so talking about a reduction of 80% to 90%, and you’ll see this data later in the presentation. It’s a very significant knockdown of the target that siRNA is addressing that’s rapid; the protein levels hit nadir, sometime around seven to ten days, after administration of the therapeutic. And that effect then is durable, but at last out around 30 days and more, it’s completely reversible, if we don’t come in with the second dose, the levels of protein will return to their natural levels. But the durability of the response we believe gives us the opportunity to dose these therapeutics, once every one to two months, potentially even longer as we continue to improve our technology.
Where we are from a strategic perspective with respect to our pipeline is summarized in our 5x15 strategy, which we’ve been talking about for almost two years now. This is really a strategy, where we aim to use siRNA for genetically defined diseases. And the goal is to have five products; I'm putting this strategy in clinical development by the end of 2015.
In the near-term we’re focused on the TTR and AT3 targets, and I’ll talk more about those. The product characteristics that each of these programs share are listed at the bottom of the slide, determine a genetically defined targets and pathways that leverage our existing platform, which means we're targeting proteins that are expressed in the human liver.
The disease of the mediate may be more removed from the liver meaning it maybe a metabolic disease or a disease of anemia, that’s mediated in the periphery, but the central expression of the gene is in the human liver, which is why we have a path antagonize it, and we look for programs more over what we can see very early biomarkers and you will see that direct readout of the molecular effect we're having, giving us the opportunity to move quickly through development.
I’m also looking for significant commercial opportunities. But the summary here is that we are focused on siRNA therapeutics and for treatment of genetically defined diseases. And the focus of our current investments is really around the TTR program for TTR Amyloidosis, and then secondly the 83 target for our hemophilia program.
So moving on to talk about the programs in a little more detail. My first program, the vanguard of this strategy is our program for TTR-mediated amyloidosis. This is a very important orphan disease, within around 50,000 patients world wide, who predominantly present with either a polyneuropathy referred to as FAP or cardiomyopathy referred to as FAC and through these roots and these effects, the disease is routinely fatal within 5 to 15 years.
Currently, the only standards of care involve either a liver transplant, which apart from being credibly debilitating from a quality of life perspective is also really only applicable to a subset of the patients. And then more recently, Pfizer has managed to get approved in Europe only, their drug Vyndaqel, which is a small molecule, has been approved in the EU for a little over a year and a half now and has not so far received approvability from the U.S. FDA.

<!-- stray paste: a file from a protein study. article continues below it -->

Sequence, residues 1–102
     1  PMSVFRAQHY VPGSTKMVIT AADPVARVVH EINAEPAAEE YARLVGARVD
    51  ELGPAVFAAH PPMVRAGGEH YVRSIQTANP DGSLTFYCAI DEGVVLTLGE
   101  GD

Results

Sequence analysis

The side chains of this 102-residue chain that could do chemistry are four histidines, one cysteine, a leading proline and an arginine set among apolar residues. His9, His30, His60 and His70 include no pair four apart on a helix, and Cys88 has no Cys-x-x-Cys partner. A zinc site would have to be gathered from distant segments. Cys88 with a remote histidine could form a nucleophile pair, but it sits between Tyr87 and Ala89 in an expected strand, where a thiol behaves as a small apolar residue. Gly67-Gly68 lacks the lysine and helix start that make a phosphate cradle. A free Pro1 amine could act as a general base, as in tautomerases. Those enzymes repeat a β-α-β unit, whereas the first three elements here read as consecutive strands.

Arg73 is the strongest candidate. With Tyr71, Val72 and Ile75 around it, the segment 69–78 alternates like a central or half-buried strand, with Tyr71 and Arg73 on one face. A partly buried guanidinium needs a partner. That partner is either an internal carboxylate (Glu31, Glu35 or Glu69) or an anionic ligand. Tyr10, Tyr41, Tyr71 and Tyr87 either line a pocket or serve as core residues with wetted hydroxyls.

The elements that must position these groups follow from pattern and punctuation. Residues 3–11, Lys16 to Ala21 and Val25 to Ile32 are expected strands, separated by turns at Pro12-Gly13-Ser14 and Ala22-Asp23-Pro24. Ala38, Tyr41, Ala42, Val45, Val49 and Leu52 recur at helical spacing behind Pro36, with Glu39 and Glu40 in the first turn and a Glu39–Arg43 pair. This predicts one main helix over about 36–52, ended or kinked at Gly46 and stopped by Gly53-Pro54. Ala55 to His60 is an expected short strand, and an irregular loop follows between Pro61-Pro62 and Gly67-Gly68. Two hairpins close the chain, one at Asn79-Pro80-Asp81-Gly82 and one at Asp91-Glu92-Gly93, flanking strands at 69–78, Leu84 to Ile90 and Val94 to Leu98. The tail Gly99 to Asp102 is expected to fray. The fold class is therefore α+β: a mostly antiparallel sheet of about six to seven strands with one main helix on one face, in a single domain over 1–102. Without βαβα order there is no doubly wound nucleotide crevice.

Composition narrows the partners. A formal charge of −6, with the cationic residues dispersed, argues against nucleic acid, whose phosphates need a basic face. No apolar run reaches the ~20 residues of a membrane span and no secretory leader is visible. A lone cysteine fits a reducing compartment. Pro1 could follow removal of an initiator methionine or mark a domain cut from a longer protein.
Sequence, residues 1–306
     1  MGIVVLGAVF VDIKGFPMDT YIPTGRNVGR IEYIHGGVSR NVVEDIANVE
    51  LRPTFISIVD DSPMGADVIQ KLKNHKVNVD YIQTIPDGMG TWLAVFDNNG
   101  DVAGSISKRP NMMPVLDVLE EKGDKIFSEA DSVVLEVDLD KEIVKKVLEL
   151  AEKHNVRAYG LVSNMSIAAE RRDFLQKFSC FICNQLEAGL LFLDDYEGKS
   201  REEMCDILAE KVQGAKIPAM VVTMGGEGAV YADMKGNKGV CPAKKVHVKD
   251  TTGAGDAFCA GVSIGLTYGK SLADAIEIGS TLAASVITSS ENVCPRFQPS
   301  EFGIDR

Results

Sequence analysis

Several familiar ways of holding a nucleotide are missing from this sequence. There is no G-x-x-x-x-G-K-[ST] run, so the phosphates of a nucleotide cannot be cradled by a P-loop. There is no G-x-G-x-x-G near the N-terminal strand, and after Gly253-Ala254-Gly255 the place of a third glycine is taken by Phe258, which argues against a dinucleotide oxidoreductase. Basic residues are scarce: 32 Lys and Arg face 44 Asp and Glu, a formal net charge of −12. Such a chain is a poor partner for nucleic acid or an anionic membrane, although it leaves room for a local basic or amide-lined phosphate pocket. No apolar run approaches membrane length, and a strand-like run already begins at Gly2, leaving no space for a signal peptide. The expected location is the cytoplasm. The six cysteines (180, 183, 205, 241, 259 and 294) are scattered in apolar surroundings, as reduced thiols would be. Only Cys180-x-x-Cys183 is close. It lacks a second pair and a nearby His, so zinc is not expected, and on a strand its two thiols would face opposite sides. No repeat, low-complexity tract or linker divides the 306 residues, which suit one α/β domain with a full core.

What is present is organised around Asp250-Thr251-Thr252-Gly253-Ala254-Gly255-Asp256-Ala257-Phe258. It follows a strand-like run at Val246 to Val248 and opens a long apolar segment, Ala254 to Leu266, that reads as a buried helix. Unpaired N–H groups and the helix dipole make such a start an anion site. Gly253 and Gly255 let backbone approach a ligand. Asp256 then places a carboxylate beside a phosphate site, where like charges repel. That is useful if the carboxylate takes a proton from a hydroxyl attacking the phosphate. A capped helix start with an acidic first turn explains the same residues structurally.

So we see a significant opportunity here, the target, very well defined. They’re over 100 different mutations in this gene. the human TTR gene that cause a misfolding of the protein and results in a deposition of the protein and amyloid deposit particularly in nerve and heart tissue. You also get presence of wild-type protein accumulating and causing further deterioration of those tissues.
On our product ALN-TTR, which is in clinical development targets we believe very importantly both the mutant and wild-type forms of the protein. And our goal is to release a blatant expression of this misfolded protein, and remove its disease causing impact in these human beings. We’ve demonstrated positive clinical data with both our first and second generation technologies, and we’re in a Phase II with the program today aiming to initiate Phase III late next year.
We also have a another program, which we referred to as ALN-TTRsc for subcutaneous delivery and we’re aiming to file an IND for that at the end of this year. This is animal data from a humanized, human model of the disease in mice, and what you’re seeing through administration of, this is actually our first generation drug, ALN-TTR01, very significant regression of deposition of protein levels in a number of different issues, both the tissues of the gut and the nervous system. And on the right-hand side, the brand deposits in the control sample are actually the deposition of the mutant protein in these amyloid plaques being essentially completely reversed by chronic administration of ALN-TTR01.